The H Locus (Harlequin) coat color test reliably determines if a dog has one of the following genotypes at the H locus:
This dog carries two copies of h and will not have a harlequin coat color. The dog will pass on h to 100% of its offspring.
Interpretation: No harlequin
This dog carries one copy of H and one copy of h which results in a harlequin coat color. However, this dog’s coat color is also dependent on the M gene. The harlequin coat color is only expressed if the dog is also M/M or M/m at the M (merle) coat color locus which causes the dilute regions of the merle pattern to become white. This dog will pass on H to 50% of its offspring and h to 50% of its offspring.
This dog carries two copies of H which is not compatible with life. Dogs with two copies of H die In Utero.
Interpretation: Embryonic lethal
Harlequin is a specific coat color pattern marked by patches of full color on a white background. This patterning is a result of the interaction of two different genes, the merle (M Locus) gene, PMEL, and a modifier gene, PSMB7, at the harlequin (H locus). Dogs that have one copy of H in addition to one copy of M will have the characteristic harlequin coat color pattern. A dog with one copy of H but two copies of M (double merle) has a coat color that can be indistinguishable from a dog without the harlequin variant. While the harlequin coat color is not considered a defect, breeding studies indicate that inheriting two copies of the H gene variant is not compatible with life. Puppies with two copies of the PSMB7 gene variant (H/H) most likely die very early in gestation; therefore, breeding two dogs with harlequin coat color (H/h) may result in reduced litter size.
Genetic testing of the PSMB7 gene in Great Danes will reliably determine whether a dog is a genetic Carrier of the harlequin coat color. Harlequin coat color is inherited in an Autosomal Dominant manner in dogs meaning that dogs only need to inherit one copy of the mutated gene to have the characteristic harlequin coat color. Each pup that is born to a dog with the harlequin coat color has a 50% chance of inheriting one copy of the PSMB7 gene Mutation and having a harlequin coat color. Breeding of two dogs with harlequin coat color is not recommended as this condition appears to be lethal in offspring that inherit two copies of the mutation. These types of breedings may generate small litters or no offspring. Mantle colored dogs with either one copy or no copies of the harlequin gene are physically indistinguishable from each other. This genetic test will allow for identification of mantle colored dogs with one copy of the harlequin gene to prevent breeding them to another dog carrying a harlequin gene and thus, decreasing chances of embryological death of puppies. Reliable genetic testing is important for determining breeding practices. In order to avoid producing Homozygous pups, breeding of known carriers to each other is not recommended. Great Danes that are not carriers of the mutation have no increased risk of having pups with the harlequin coat color or reduced litter size due to this mutation.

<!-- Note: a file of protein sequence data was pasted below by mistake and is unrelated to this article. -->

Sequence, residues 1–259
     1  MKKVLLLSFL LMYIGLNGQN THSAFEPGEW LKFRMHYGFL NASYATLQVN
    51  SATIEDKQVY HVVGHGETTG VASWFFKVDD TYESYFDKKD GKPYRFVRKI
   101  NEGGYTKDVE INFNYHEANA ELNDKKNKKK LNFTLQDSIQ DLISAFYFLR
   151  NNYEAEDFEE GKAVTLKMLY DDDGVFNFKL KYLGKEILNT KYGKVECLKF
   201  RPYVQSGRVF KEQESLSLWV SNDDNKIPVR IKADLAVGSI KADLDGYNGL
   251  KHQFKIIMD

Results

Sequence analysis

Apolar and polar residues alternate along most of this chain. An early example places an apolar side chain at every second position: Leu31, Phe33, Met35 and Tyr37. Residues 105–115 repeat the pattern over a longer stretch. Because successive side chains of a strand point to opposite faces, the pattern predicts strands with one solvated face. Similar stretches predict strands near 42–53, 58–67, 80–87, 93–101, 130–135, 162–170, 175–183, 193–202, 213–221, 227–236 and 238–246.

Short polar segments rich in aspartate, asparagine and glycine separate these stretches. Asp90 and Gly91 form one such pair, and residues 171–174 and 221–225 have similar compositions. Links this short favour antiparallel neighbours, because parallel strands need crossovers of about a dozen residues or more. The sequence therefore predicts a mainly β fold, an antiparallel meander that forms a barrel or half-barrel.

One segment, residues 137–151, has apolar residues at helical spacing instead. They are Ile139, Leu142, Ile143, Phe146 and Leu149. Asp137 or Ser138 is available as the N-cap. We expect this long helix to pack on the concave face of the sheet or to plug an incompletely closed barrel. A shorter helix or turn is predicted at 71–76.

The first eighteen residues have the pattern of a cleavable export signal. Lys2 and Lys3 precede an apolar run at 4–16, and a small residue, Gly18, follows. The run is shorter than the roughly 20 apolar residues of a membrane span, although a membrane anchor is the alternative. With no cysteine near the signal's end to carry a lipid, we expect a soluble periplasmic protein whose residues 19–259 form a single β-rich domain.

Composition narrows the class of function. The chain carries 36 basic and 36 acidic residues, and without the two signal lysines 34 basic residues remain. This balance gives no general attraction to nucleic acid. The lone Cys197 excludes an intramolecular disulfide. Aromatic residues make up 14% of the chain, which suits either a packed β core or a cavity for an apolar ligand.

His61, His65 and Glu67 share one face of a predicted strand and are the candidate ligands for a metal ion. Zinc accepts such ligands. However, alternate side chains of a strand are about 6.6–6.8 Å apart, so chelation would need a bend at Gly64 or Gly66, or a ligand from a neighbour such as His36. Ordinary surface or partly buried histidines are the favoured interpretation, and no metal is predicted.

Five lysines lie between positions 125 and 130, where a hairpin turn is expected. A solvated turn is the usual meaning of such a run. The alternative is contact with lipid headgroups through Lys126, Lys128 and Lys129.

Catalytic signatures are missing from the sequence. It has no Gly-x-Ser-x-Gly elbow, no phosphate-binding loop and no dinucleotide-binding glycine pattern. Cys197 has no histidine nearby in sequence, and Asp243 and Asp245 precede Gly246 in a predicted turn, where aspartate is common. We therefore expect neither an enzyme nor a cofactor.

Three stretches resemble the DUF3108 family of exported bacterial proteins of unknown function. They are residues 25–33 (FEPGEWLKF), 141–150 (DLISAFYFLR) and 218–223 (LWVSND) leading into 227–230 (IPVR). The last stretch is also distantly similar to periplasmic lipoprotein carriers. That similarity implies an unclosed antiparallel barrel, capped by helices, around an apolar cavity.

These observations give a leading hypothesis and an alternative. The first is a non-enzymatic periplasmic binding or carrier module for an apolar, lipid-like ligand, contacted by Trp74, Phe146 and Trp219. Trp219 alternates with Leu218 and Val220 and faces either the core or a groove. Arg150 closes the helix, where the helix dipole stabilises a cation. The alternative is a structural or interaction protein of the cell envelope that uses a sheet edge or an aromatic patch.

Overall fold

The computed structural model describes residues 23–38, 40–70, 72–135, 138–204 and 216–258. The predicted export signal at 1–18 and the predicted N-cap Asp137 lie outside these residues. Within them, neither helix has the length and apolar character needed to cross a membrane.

There may be other causes of this condition in dogs and a normal result does not exclude a different mutation in this gene or any other gene that may result in a similar genetic disease or trait.
Clark LA, Starr AN, Tsai KL, Murphy KE. Genome-wide linkage scan localizes the harlequin locus in the Great Dane to chromosome 9. Gene. 2008 Jul 15; 418(1-2):49-52.
Clark LA, Tsai KL, Starr AN, Nowend KL, Murphy KE. A missense mutation in the 20S proteasome β2 subunit of Great Danes having harlequin coat patterning. Genomics. 2011 Apr; 97(4):244-8.